José G. Acosta could easily represent the man Toby Keith sings of in “American Soldier:” He doesn't do it for the money, nor for glory, he just does it anyway.
Acosta – a Navy chief and disabled veteran – has chosen to dedicate his gift as an artist to creating charcoal renderings of the men and women killed while in military service to their country.
At a convention for Gold Star and Blue Star Mothers last year in Louisiana, he told the audience, “You might forget who I am, you might not remember my name, but I promise I will never forget any of you, and I won't forget your children, your loved ones, your wives.”
Agreeing to an interview with the Jacksonville Daily Progress, the Orlando, Fla., resident asked only that the focus be on the fallen and their families.
He has set up a Facebook page (José Garcia Acosta), where he quietly posts artwork and poetry that focuses on the fallen and their families; it is where viewers can see among his photo albums images of “Clouds of Heroes,” panels filled with the faces of the fallen as a reminder for the country to not forget who the true heroes are.
“They should remember that the freedom they are able to have today is something that is (from someone whose blood has been) spilled,” Acosta said. “It's important to remember that these people didn't just disappear. They died serving their country, serving us … maybe they'll remember these heroes and every time they see the flag, they will salute it in honor of the ones who passed on protecting them.”
The idea for the “Clouds of Heroes” collection – there are seven panels in all, the last one still being completed – came about about two years ago.
A Gold Star Mom who had been following his Facebook page contacted him to let Acosta know she would be traveling to a fallen heroes dedication in Dade City, Fla., and wanted to meet him.
“She was going to come to my art show to look at my paintings, and I surprised her by doing a painting of her son,” he said, recalling how her response made him think about a canvas that would include other fallen heroes, whose families granted their permission.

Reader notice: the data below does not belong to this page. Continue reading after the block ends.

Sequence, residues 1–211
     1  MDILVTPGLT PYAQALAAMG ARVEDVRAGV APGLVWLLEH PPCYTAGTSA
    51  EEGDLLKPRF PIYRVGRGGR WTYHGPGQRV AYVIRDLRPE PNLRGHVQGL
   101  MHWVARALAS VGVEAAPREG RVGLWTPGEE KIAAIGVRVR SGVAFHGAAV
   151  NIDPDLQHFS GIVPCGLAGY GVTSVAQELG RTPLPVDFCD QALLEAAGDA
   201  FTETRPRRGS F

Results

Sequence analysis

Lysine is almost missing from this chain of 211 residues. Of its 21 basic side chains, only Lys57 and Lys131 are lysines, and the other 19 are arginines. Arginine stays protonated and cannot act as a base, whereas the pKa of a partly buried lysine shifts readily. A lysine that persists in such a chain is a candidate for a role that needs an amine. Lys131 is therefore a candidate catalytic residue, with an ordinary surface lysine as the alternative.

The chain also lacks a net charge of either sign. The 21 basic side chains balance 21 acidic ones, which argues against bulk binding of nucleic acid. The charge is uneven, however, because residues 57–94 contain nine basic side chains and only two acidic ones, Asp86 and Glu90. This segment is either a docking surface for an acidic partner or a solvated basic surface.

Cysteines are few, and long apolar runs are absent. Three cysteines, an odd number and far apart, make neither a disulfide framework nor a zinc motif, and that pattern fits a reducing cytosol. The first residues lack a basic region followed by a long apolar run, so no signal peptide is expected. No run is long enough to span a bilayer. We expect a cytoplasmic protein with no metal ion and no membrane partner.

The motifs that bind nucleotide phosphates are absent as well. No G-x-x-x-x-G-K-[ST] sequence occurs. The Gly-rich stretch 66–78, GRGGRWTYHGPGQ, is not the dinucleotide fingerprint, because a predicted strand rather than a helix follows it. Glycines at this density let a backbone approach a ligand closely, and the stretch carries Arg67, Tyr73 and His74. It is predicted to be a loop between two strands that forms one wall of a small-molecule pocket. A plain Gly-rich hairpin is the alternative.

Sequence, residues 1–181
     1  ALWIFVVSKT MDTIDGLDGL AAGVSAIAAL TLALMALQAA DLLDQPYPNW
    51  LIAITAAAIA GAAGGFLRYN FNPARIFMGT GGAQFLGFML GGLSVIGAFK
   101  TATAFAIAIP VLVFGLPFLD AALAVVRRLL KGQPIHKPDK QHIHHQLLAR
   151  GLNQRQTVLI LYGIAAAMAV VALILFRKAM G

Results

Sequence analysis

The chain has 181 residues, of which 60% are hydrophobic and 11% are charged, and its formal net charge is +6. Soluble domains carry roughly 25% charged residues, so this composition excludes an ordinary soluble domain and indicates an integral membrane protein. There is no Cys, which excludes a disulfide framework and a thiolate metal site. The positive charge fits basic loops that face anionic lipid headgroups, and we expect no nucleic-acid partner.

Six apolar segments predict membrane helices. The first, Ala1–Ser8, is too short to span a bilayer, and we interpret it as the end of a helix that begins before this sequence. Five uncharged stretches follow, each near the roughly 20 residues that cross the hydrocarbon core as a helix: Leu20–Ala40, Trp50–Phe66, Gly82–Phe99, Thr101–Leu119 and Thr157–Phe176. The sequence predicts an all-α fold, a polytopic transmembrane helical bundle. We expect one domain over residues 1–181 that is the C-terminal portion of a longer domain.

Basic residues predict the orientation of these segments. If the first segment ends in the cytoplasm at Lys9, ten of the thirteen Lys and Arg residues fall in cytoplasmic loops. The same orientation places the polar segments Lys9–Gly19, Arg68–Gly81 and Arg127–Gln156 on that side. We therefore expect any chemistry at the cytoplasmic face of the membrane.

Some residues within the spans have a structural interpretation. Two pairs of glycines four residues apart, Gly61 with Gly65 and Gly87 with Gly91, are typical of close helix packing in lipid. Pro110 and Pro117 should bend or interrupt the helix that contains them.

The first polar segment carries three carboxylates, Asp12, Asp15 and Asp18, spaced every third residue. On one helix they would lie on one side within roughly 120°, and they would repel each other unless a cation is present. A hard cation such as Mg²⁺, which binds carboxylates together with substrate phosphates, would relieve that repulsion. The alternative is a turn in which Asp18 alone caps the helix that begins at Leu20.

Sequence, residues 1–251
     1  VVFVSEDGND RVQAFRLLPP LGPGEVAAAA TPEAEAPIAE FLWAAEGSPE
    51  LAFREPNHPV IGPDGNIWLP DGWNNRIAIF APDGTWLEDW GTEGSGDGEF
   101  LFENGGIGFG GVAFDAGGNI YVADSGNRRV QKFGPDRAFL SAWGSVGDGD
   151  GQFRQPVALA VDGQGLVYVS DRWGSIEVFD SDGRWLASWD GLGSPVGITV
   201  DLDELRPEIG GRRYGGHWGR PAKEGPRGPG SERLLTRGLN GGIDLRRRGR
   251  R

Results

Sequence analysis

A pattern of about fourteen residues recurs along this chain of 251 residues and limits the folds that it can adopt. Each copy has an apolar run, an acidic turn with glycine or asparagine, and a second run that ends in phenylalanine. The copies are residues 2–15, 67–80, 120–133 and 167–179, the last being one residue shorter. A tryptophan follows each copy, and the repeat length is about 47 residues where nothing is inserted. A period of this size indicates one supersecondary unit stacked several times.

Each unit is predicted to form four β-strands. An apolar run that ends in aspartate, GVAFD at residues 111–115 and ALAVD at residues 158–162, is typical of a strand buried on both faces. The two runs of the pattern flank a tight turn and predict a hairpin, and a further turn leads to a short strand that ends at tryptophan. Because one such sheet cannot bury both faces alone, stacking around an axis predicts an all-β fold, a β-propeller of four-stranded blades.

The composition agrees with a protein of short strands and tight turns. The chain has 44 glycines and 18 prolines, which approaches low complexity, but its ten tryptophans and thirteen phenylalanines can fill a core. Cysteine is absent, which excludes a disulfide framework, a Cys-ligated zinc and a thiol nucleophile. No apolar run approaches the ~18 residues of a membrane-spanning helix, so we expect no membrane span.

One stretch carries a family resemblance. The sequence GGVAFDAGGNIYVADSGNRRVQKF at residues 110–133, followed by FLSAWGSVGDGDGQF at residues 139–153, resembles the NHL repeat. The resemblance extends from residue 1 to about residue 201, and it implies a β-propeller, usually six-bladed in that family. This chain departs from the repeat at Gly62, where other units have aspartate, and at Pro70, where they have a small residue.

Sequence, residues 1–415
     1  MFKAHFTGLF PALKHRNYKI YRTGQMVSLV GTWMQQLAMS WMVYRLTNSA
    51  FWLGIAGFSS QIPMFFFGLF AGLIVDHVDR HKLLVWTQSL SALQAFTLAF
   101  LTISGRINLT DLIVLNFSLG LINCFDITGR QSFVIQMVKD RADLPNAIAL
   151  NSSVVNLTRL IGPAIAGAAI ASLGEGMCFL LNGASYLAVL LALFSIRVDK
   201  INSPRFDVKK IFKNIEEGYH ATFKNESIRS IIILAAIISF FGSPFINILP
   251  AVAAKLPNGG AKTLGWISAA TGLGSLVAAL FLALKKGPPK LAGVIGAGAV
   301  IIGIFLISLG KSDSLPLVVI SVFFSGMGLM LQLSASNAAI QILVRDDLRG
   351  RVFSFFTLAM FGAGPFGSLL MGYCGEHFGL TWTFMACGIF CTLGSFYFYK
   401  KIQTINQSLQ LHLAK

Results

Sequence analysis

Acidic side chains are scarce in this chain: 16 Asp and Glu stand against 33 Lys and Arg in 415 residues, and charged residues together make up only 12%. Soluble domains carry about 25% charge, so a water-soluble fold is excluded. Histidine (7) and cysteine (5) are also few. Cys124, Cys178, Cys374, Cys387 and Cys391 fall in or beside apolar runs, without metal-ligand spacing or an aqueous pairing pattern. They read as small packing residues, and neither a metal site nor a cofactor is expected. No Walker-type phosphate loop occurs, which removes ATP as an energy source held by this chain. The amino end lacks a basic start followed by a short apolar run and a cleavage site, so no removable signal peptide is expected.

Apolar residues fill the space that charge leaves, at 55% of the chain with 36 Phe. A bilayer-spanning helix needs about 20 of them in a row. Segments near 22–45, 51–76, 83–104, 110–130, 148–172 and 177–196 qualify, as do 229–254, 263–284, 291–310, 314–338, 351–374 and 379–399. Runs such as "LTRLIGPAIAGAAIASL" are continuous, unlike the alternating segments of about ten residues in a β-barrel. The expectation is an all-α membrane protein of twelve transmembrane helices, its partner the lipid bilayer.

“What happened was that one Gold Star Mom told another, who told another, and the phone calls kept coming in. The requests kept coming in,” he said. “And I made it a standard that every person who is (on these panels), I don't look for them or search them out by name – everyone on there is at the request of a parent, of a family, and I do this out of respect for the privacy of those families.”
The requests “are so personal – sometimes I'll get one a week, while the other day I had four in that one day. Some of the mothers who come to my website (are) sometimes afraid to ask, or don't know how to ask” that their child be placed on the canvas, he said.
Sincere gratitude for remembering their loved one seems to be the most common response from the these moms, though the one phone call that really stands out is the conversation with the father of a young man who was killed in action.
He contacted Acosta, explaining how their son's death had hit the couple hard, and that his wife really hadn't slept since being contacted about their child's death nearly six months before.
“He had the print I sent them framed and (hung) in their bedroom,” Acosta recalled. “He said when he woke up the next morning, his wife was asleep, that she had slept through the whole night. And he had asked her if she ever woke up during that time, and she did, once. 'She said when she did, she looked up on the wall and saw our son, and knew he was okay now, that he's with everybody else.'”
And this is why he dedicates his artistic gift to projects like “Clouds of Heroes”: He wants the families left behind to know that their loved ones are remembered outside their own circle.
“The love that these parents have for their children isn't bound by death or life,” he said, adding that when they contact him, he requests a photo that best represents their loved one and all they are able to share about him or her because “I want to capture the person.”
The “Clouds of Heroes” project is an open-ended one, and Acosta vows to paint every last hero to keep their memories alive by helping Americans “to see what the cost of war is.
“The news is not forgetting (about these heroes) – the child who died first in the war, he's an important one (because he was first). But so is the one who died this week,” he said.
Acosta said the project also honors the families of fallen, because “every hero is a reflection of the family who created him,” he said. “And the suffering of that family lasts forever (when someone dies in service).”
As part of the project, Acosta writes families, using the voice of their loved one to pass along words of comfort and courage.
One poignant letter – written to my brother and his wife, whose son was killed while serving in Iraq seven years ago – encouraged the family to keep the faith.
“Mom … listen to the thunder … it is us marching in heaven … the lightning is our spirits crossing the skies … the rain … Mom … the rain … that’s our tears falling, because we miss you too, but don’t worry … we shall meet again. But no hurry … you live life fully and everyday be happy. I will be waiting for you.
“I love you MOM … gotta go … we hear trumpets, perhaps another hero ….”
Recently, Acosta posted on his Facebook page the reason why he does what he does.
“I am a Navy Chief and I know the price of freedom. I see it in the falling tears of families. I hear it in the breaking voice of a father, mother or sister that called me on the phone asking if I could add their hero. I PROMISE YOU THIS … 'til my last breath on this earth … I SHALL do all I can to ensure they are not forgotten.”